• Massachusetts. On March 24, Gov. Charlie Baker’s stay-at-home order became effective until April 7. According to the order, the state’s “licensed medical marijuana retailers” are essential, but recreational marijuana businesses must cease operation.
  • Minnesota [Updated: 3/27 6pm PST]. Gov. Tim Walz ordered Minnesota residents to stay at home starting 11:59pm on March 27 until April 10. During that time, medical cannabis businesses are allowed to stay open.
  • Montana [Updated: 3/27 6pm PST]. Gov. Steve Bullock’s stay-at-home order begin on March 28 with no set end date. His executive order deems all medical marijuana businesses to stay open throughout the lockdown.
  • New Hampshire [Updated: 4/1 9am PST]. While Gov. Chris Sununu’s stay-at-home orders don’t mention the cannabis industry, New Hampshire’s state regulators confirmed with the states five medical marijuana dispensaries that they’re deemed “essential” and can continue to operate.
  • New Jersey. Phil Murphy issued a stay-at-home order which went into effect on March 21. Murphy’s order classifies medical marijuana dispensaries as essential.
  • New Mexico. Michelle Lujan Grisham’s stay-at-home order began on March 24. New Mexico’s Department of Health classifies medical marijuana businesses as an essential part of the healthcare sector.
  • New York. On March 20, Gov. Andrew Cuomo’s stay-at-home order instructed all workers in nonessential businesses to stay at home. The state’s Department of Health later released documentation that allowed medical marijuana companies to operate.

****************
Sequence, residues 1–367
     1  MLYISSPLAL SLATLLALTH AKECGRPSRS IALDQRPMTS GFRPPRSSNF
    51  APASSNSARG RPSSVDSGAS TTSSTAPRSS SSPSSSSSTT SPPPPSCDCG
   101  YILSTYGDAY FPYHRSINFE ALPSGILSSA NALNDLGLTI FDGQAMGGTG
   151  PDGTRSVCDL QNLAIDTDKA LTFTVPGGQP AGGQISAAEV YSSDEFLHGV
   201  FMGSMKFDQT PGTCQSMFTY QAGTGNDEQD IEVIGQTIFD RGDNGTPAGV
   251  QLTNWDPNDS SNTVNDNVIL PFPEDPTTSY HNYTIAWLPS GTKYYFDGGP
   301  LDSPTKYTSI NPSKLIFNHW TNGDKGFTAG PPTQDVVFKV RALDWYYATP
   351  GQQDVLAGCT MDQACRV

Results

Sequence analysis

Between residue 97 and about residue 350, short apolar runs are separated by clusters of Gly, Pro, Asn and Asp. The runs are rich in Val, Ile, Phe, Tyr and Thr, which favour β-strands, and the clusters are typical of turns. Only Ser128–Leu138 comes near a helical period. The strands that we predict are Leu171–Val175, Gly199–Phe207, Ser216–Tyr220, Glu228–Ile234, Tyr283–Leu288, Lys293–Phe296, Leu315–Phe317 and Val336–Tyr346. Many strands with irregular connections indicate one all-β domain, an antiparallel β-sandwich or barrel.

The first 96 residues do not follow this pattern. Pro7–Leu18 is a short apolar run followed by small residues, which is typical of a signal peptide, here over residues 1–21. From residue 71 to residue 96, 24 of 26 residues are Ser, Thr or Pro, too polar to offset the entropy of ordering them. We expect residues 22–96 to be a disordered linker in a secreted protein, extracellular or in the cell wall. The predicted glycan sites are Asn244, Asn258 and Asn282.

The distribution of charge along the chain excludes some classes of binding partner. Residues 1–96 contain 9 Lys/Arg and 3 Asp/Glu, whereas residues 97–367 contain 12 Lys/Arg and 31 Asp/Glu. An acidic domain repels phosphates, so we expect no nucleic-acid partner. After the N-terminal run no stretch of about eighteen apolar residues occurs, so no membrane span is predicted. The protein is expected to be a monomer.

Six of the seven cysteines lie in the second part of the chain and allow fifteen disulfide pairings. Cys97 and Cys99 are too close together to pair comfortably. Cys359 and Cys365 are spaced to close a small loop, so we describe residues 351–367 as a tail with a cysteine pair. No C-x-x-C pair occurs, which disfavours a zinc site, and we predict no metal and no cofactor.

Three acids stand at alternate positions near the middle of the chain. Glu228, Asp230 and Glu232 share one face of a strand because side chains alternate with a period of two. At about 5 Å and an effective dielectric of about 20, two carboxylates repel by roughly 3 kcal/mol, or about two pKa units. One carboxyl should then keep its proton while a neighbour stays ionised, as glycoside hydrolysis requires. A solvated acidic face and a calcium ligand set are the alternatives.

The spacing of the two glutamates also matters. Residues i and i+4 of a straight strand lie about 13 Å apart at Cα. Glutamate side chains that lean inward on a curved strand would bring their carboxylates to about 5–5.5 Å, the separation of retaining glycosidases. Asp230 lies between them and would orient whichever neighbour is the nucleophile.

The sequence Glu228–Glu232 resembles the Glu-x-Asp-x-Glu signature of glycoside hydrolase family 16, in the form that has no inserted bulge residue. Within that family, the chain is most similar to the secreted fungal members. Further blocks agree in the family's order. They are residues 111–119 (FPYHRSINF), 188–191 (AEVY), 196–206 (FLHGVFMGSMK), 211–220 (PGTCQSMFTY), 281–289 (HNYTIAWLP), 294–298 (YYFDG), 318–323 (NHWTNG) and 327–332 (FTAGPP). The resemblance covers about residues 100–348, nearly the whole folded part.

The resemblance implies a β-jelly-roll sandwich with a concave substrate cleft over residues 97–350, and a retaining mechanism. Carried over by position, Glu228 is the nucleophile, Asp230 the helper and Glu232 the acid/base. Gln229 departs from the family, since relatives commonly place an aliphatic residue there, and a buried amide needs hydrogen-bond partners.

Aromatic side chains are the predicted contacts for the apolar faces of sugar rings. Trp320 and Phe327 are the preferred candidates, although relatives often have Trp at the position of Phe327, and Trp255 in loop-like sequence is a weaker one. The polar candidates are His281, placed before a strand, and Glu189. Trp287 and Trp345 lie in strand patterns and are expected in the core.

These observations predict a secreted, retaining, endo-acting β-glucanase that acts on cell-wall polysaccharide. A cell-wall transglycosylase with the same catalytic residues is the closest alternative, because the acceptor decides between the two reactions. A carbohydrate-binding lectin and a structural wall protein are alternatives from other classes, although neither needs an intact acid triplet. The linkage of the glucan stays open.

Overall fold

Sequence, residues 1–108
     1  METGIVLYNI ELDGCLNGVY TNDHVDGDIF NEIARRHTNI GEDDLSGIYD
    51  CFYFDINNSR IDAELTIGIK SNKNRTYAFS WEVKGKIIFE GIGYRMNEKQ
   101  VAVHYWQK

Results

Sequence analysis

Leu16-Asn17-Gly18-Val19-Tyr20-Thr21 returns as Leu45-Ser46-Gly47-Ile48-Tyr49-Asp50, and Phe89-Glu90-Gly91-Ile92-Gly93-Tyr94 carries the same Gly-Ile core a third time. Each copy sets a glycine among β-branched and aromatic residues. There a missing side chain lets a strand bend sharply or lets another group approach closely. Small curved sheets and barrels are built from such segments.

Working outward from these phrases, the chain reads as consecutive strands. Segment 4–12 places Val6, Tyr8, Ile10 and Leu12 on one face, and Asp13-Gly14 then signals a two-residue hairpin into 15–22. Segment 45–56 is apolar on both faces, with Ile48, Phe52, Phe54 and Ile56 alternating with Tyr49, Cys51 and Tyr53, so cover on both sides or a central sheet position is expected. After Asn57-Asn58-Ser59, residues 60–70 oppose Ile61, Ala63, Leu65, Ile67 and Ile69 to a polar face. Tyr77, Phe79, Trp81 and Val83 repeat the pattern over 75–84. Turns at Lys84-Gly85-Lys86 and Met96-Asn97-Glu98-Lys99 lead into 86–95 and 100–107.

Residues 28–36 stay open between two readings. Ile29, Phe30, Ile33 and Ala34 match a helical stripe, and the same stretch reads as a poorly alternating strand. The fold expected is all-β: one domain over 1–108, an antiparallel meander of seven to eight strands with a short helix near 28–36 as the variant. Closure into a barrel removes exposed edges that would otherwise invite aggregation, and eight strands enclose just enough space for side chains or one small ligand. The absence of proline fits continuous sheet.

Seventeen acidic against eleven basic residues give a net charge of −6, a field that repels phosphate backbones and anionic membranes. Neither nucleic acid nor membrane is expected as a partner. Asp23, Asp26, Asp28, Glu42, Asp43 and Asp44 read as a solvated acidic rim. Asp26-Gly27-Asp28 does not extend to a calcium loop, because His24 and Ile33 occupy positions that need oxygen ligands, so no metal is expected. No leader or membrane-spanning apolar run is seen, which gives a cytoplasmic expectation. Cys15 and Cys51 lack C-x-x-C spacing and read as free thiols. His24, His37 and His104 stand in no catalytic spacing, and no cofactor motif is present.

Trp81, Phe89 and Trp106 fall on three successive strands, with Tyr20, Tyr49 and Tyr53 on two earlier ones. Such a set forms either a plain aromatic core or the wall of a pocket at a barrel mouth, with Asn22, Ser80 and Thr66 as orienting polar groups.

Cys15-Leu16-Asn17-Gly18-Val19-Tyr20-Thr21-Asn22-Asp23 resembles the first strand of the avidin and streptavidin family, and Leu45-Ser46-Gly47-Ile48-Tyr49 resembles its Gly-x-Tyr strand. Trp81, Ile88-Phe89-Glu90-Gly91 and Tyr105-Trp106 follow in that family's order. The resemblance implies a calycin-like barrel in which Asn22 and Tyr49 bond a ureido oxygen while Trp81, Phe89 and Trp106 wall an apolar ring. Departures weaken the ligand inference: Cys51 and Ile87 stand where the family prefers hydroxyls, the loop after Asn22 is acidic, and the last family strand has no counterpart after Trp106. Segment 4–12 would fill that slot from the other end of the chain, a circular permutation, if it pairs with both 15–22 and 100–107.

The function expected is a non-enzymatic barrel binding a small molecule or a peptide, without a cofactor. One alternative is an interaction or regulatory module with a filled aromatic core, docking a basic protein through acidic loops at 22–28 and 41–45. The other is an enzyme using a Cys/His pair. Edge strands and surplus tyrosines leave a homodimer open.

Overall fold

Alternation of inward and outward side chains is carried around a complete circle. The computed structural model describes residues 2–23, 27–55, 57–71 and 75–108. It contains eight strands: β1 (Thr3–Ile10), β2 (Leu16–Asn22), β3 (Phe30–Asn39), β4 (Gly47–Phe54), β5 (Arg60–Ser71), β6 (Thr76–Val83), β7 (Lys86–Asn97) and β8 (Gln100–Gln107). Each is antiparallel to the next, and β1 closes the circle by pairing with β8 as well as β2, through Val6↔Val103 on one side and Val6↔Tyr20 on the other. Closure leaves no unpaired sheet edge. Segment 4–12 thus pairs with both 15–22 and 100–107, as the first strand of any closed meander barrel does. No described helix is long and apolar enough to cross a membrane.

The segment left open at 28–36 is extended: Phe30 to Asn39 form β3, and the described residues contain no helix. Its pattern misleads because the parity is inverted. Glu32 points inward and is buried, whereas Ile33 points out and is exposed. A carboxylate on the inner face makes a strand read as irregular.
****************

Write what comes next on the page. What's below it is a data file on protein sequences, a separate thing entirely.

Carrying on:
• Ohio.  Gov. Mike DeWine’s stay-at-home order went into effect March 23 until at least April 6. DeWine’s order classifies licensed medical marijuana dispensaries and growers as essential businesses.
  • Oklahoma [Updated: 3/27 6pm PST]. Gov. Kevin Stitt issued a “safer-at-home” order which will last until April 30. Until that date, all medical cannabis businesses are permitted to remain open.
  • Rhode Island [Updated: 4/1 9am PST]. Gov. Gina Raimondo issued a stay-at-home order, scheduled to last until April 13. During that time, Rhode Island’s medical cannabis dispensaries are allowed to continue operations.
  • Vermont [Updated: 3/27 6pm PST]. Gov. Phil Scott issued a "Stay Home, Stay Safe" order which will extent to April 15. All medical cannabis businesses are permitted to stay open until then.
  • Washington, D.C. [Updated: 4/1 9am PST]. DC Mayor Muriel Bowser has issued a stay-at home order which allows medical marijuana dispensaries to remain open.

      This blog will be updated as we get additional information from each state.